The rule of law cannot be counted on to protect the rights of minorities and political dissenters. The result—as John Locke predicted—is social unrest and revolution.
While the author of “The Hobbit” disliked allegory, his great thematic preoccupation with the struggle between good and evil remains as relevant as ever.
Shortly after the storming of the Bastille prison in Paris on July 14, 1789, the English political theorist Edmund Burke wrote a letter to Lord Charlemont, the first president of the Royal Irish Academy.
For all of its contradictions and injustices, the 20th century American melting pot transformed millions of immigrants into productive citizens.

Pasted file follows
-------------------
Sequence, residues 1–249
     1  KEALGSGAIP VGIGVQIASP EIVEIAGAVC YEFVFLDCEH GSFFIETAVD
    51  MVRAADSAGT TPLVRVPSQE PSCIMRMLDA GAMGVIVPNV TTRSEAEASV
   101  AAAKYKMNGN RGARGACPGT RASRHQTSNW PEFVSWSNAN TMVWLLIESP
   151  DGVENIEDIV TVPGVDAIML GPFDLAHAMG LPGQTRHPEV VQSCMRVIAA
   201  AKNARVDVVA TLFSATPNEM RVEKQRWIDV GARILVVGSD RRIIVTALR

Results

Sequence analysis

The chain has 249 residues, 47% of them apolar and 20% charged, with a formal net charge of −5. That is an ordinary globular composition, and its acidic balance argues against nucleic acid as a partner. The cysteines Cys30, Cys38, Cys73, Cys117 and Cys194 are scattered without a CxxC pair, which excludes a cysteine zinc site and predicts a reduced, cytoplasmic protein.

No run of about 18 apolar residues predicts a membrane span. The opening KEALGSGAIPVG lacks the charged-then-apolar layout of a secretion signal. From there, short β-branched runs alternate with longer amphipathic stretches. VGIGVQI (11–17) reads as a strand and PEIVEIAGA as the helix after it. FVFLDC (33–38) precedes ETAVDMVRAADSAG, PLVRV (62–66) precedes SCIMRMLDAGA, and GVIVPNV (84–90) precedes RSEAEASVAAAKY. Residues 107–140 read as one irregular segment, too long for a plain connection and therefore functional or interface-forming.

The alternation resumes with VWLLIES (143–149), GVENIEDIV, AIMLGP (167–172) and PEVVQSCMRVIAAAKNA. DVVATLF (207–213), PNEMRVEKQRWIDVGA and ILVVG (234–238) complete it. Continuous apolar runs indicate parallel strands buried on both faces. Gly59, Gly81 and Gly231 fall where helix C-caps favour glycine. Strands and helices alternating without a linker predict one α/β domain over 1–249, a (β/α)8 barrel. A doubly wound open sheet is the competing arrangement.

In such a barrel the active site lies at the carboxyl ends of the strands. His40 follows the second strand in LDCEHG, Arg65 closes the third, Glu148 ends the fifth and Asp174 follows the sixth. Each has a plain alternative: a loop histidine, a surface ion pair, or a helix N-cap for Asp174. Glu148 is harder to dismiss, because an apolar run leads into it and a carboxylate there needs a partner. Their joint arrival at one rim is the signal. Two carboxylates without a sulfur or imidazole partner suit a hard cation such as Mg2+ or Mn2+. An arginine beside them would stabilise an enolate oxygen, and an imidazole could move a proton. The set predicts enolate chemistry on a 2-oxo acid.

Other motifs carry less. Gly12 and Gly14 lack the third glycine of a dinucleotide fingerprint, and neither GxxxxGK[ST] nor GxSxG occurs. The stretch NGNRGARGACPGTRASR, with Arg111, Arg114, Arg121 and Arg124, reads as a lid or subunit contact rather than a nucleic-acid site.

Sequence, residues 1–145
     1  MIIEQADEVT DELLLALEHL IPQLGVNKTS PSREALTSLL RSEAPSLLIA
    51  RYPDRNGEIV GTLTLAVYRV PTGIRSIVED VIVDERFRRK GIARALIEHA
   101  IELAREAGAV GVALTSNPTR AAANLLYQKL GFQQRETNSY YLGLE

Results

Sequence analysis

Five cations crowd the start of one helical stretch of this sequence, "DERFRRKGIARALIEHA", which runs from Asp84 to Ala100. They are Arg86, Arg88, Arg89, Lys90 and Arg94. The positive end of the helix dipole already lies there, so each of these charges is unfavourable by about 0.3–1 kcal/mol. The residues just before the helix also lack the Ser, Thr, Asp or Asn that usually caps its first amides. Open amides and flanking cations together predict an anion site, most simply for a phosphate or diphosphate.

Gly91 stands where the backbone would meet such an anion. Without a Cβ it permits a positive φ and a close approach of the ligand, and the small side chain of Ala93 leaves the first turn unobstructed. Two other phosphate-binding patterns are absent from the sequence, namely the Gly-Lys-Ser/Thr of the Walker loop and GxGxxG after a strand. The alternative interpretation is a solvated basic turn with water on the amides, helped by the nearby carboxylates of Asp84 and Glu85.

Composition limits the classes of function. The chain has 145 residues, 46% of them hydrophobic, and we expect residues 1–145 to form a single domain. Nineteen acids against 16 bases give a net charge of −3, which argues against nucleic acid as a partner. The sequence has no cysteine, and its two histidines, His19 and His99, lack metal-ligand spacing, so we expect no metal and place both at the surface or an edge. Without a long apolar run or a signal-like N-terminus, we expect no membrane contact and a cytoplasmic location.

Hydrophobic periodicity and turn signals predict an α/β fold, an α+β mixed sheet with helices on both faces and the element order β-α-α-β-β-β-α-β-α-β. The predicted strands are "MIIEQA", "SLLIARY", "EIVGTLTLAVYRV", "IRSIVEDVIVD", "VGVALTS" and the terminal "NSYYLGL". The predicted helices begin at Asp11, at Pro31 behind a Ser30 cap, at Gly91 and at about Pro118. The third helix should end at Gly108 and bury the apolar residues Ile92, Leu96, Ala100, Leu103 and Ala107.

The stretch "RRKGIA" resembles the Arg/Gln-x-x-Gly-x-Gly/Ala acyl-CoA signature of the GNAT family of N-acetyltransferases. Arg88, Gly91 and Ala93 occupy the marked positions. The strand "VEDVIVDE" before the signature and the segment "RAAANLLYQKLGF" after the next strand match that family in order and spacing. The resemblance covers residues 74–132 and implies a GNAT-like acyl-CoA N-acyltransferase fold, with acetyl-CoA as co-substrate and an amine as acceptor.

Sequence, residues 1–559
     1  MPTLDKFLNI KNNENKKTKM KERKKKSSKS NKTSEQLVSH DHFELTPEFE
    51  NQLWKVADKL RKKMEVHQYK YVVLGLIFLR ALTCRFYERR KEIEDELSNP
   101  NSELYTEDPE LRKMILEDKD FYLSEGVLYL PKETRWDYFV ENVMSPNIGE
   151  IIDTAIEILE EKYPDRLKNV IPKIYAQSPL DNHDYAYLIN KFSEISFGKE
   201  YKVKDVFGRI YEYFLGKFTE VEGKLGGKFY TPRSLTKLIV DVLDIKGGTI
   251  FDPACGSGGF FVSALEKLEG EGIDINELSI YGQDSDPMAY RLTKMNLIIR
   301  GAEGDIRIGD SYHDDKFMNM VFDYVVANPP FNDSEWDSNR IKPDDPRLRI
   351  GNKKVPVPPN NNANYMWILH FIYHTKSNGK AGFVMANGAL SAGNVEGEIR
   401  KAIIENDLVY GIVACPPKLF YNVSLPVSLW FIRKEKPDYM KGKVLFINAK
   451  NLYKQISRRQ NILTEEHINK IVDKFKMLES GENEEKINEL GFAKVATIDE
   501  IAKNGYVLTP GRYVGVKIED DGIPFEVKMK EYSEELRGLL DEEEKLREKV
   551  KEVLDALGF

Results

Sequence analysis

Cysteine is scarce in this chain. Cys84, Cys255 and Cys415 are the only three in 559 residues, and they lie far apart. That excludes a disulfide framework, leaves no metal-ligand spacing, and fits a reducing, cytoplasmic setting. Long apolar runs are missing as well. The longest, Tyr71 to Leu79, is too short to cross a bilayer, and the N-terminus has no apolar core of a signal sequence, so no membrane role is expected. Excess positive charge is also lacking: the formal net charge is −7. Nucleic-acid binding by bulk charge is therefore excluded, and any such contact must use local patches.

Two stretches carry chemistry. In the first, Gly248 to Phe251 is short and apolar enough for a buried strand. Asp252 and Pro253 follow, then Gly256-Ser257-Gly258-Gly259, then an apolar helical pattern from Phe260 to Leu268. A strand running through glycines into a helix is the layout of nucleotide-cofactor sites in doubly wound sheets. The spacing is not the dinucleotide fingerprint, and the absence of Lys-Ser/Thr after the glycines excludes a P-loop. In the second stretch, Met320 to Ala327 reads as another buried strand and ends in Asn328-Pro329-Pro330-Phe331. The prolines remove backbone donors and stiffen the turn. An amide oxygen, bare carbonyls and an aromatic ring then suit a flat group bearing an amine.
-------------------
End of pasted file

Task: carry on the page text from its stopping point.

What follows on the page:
A revival of Lockean liberalism would do much to tame the hatreds now afflicting the soul of the West.
A new book provides a concise and compelling introduction to the great author and Christian apologist.
Chris Cuomo’s pugilistic outburst earlier this week reinforced the usual tropes about Italian Americans.
The Great War’s horrors, spiritual emptiness and a pack of lies made another world war inevitable.
From a window in the Hall of Mirrors at the Versailles Palace, the view of its famed gardens and fountains is a welcome reward for negotiating the crush of tourists throughout the palace chambers.
With the centennial of the Versailles Treaty approaching, let’s remember who the real progenitor of Fascism was.